AVADirect took many steps to dial down the din, including stashing the mechanical hard drive in an insulated noise-dampening case, lining the insides of the side panels with a 1/4-inch of dense foam padding, and mounting eight large cooling fans all over the inside of the NZXT H630 enclosure.
As reviewed, the system has two 200mm case fans in front and two up top (venting through channels on the side). A series of three 140mm fans draw up air from the bottom and pivot to push it over the video card and the passively cooled CPU (a Zalman FX100 Ultimate Fanless Heatsink handles that job). A fourth 140mm fan pulls air out of the back of the rig. The number and size of these slow-spinning fans delivers the same cooling power more quietly than a few faster, noisier fans could.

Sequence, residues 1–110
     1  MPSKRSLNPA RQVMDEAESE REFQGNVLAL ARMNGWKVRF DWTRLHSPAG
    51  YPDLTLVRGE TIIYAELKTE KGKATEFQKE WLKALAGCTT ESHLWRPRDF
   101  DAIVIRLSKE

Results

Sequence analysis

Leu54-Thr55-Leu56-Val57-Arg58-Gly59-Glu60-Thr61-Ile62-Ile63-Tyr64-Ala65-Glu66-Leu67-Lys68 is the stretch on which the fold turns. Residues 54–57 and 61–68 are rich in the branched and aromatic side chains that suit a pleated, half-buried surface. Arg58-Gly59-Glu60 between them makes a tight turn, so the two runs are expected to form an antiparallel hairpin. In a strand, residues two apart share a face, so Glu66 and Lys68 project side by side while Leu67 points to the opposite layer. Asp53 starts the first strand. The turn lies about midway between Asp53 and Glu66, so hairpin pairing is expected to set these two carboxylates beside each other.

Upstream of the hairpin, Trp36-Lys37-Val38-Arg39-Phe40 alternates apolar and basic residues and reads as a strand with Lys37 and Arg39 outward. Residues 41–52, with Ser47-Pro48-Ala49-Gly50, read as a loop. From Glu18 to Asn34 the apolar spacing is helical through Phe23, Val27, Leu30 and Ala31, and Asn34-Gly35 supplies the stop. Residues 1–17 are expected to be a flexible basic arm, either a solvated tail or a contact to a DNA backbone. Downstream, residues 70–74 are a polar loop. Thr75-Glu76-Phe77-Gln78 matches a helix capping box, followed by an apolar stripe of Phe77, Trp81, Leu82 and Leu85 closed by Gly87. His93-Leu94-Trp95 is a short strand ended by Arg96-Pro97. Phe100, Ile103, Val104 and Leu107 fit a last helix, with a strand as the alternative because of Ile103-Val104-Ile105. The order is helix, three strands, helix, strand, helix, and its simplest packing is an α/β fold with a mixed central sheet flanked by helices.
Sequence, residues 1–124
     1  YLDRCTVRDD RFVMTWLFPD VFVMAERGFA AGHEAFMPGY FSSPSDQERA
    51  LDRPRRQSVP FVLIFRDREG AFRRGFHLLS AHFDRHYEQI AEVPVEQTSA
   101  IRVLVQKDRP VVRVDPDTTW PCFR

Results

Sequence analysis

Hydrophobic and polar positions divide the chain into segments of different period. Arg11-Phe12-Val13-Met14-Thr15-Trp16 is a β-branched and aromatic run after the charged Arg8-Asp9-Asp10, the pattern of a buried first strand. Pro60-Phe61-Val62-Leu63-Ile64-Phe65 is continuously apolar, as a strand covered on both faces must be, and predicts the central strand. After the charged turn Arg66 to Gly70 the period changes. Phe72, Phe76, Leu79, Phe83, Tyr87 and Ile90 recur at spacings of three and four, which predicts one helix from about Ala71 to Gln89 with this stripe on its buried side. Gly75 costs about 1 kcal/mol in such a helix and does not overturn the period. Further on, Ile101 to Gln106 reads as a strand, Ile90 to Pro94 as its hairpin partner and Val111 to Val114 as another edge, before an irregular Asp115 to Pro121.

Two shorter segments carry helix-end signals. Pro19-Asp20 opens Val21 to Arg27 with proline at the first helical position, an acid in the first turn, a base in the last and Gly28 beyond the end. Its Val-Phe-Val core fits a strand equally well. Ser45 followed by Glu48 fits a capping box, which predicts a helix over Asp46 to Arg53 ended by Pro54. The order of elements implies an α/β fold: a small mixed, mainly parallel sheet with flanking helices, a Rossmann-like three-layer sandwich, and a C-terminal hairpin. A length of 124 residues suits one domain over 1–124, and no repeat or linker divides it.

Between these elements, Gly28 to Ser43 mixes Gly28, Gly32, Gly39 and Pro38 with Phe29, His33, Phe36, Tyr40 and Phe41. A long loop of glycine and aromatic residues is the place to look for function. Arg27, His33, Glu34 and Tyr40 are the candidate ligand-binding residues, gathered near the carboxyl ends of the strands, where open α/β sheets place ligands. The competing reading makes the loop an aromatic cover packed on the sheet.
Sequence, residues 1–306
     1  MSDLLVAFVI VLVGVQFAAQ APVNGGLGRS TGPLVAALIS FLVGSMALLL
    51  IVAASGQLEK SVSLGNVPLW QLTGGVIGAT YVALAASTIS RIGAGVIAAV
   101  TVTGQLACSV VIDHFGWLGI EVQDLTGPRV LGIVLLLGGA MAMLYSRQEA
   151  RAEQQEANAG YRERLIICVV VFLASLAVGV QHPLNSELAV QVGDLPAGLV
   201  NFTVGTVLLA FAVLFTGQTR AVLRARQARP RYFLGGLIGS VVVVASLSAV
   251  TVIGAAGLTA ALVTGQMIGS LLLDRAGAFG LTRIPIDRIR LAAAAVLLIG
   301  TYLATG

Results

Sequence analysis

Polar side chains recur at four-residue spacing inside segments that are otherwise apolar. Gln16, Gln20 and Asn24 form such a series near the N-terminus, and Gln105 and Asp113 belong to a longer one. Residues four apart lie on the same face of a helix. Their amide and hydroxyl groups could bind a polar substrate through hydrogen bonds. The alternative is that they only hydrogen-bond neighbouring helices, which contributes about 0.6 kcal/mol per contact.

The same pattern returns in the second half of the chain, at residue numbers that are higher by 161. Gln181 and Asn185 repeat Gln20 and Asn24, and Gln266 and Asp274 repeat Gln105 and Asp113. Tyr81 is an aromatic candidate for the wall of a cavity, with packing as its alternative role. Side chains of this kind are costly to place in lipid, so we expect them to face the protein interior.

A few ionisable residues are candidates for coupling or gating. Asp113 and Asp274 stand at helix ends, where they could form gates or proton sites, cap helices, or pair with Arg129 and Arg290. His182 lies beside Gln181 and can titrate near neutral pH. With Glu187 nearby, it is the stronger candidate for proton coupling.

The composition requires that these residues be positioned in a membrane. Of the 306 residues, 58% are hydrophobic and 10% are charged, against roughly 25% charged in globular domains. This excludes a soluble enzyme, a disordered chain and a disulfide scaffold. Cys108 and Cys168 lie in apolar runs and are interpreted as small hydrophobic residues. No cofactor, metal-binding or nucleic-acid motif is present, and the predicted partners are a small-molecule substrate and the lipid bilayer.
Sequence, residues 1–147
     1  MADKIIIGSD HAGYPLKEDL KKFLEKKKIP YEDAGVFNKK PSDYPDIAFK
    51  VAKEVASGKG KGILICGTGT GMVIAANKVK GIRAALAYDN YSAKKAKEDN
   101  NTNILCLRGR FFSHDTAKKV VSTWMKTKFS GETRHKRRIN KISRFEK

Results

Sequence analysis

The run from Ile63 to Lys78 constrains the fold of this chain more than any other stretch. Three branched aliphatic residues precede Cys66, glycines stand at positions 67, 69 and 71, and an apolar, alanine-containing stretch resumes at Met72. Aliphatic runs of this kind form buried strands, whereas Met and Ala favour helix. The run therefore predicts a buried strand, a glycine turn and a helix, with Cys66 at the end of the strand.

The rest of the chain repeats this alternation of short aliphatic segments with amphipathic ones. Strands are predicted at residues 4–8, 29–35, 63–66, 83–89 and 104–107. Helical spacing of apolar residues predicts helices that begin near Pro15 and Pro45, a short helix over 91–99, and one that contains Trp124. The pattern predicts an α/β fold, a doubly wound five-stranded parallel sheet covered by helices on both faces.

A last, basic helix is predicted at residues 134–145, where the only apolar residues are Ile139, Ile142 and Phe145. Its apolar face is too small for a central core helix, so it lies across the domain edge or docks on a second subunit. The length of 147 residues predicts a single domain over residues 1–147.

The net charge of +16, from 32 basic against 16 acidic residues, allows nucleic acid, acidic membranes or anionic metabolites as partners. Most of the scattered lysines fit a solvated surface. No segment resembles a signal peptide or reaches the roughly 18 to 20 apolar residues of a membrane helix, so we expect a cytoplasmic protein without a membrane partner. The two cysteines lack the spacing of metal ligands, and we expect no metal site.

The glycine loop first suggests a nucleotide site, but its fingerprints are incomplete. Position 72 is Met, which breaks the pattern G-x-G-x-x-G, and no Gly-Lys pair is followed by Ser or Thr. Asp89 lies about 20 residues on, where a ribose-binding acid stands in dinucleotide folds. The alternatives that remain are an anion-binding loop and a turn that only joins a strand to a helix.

As a result, AVADirect’s Quiet Gaming PC not only runs quiet, it also runs cool. Even when I hammered away on demanding games like Battlefield 4 and Company of Heroes 2, I felt only a pleasant and merely warm breeze streaming out of the back of the tower. Bear in mind this configuration leaves lots of open space inside the case—there’s very little to obstruct air flow. Should you decide to add a second video card (more on that topic later), you’ll want to monitor temps carefully (the presence of a Bitfenix Recon touchscreen fan controller will help with that). You might also need to upgrade from the 760-watt Seasonic power supply.
Under (versus over) the top
The Quiet Gaming PC’s looks are equally muted. Instead of sports-car-like curves, see-through windows, and scads of multi-colored LEDs lighting up its case like a disco, this glossy-white tower looks relatively understated. A set of LEDs mounted near the top of the case lend a gentle green glow—so it doesn’t look too much like a kitchen appliance—but that and the aforementioned fan controller are the only elements of gaming-box bling you’ll encounter.